I tell the senator that his predictions, sometimes for the South, sometimes for the Middle States, sometimes for the Northeast, and then wandering away in airy visions out to the far Pacific, about the dread of our people, as for loss of blood and treasure, provoking them to disloyalty, are false in sentiment, false in fact, and false in loyalty. The Senator from Kentucky is mistaken in them all. Five hundred million dollars. What then? Great Britain gave more than two thousand million in the great battle for constitutional liberty which she led at one time almost single-handed against the world. Five hundred thousand men. What then? We have them; they are ours; they are the children of the country. They belong to the whole country; they are our sons; our kinsmen; and there are many of us who will give them all up before we will abate one word of our just demand, o retreat one inch from the line which divides right from Trong.

sense.

our

Sir, it is not a question of men or of money in that

All the money, all the men, are, in our judgment, well bestowed in such a cause. When we give them, we know their value. Knowing their value well, we give them with the more pride and the more joy. Sir, how can we retreat ? Sir, how can we make peace? Who shall treat? What commissioners? Who would go? Upon what terms? Where is to be your boundary line? Where the end of the principles we shall have to give up? What will become of constitutional government? What will become of public liberty? What of past of past glories? What

of future hopes? Shall we sink into the insignificance of the grave—a degraded, defeated, emasculated people, frightened by the results of one battle, and scared at the visions raised upon this floor by the imagination of the Senator from Kentucky? No, sir; a thousand times, no, sir. We will rally-if, indeed, our words be necessarywe will rally the people, the loyal people, of the whole country. They will pour forth their treasure, their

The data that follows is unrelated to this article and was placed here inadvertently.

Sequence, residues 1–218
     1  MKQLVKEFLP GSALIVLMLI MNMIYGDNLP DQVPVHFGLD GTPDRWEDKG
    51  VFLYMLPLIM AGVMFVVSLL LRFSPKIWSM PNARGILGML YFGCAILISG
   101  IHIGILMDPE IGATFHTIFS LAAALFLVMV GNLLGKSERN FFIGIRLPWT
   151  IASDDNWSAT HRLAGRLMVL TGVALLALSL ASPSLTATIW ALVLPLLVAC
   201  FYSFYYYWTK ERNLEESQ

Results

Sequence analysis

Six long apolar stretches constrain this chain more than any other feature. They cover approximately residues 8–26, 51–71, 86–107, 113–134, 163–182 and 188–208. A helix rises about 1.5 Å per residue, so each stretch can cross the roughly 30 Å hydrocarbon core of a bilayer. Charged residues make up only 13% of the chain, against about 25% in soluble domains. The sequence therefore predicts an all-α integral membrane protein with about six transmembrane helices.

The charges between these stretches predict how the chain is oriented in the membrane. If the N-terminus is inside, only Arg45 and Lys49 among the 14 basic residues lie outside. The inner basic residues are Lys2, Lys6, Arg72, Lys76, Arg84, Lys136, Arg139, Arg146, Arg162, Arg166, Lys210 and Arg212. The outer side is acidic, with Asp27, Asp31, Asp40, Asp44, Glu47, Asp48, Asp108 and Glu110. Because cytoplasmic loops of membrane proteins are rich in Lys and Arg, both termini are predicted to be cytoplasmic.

money, their men, without stint, without measure. The most peaceable man in this body may stamp his foot upon this Senate Chamber floor, as of old a warrior and a senator did, and from that single stamp there will spring forth armed legions.

Shall one battle determine the fate of an empire? or the loss of one thousand men or twenty thousand, or $100,000,000 or $500,000,000? In a year's peace, in ten years at most, of peaceful progress we can restore them all. There will be some graves reeking with blood watered by the tears of affection. There will be some privation; there will be some loss of luxury; there will be somewhat more need for labor to procure the necessaries of life. When that is said, all is said. If we have the country, the whole country, the Union, the Constitu